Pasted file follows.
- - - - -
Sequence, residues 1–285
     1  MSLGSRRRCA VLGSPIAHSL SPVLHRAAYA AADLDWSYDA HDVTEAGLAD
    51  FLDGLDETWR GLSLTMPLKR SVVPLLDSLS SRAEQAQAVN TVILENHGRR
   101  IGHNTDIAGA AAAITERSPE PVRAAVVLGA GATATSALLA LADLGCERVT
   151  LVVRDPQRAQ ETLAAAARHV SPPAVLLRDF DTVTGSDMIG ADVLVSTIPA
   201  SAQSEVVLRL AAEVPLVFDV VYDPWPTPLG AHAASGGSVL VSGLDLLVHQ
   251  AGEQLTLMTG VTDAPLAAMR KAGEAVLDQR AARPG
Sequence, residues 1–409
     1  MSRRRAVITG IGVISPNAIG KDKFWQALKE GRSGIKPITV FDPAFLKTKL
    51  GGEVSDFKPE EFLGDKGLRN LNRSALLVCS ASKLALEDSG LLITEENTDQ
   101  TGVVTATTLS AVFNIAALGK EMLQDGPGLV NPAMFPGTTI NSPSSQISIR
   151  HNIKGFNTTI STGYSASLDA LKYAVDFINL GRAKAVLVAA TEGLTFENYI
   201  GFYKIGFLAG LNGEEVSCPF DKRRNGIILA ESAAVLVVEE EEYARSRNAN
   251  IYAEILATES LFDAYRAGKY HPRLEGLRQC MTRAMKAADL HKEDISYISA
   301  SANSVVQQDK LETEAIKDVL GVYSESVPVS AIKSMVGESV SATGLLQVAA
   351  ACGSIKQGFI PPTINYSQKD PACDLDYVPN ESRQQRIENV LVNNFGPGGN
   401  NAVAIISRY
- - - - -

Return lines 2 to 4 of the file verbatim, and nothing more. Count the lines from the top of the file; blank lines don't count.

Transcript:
     1  MSLGSRRRCA VLGSPIAHSL SPVLHRAAYA AADLDWSYDA HDVTEAGLAD
    51  FLDGLDETWR GLSLTMPLKR SVVPLLDSLS SRAEQAQAVN TVILENHGRR
   101  IGHNTDIAGA AAAITERSPE PVRAAVVLGA GATATSALLA LADLGCERVT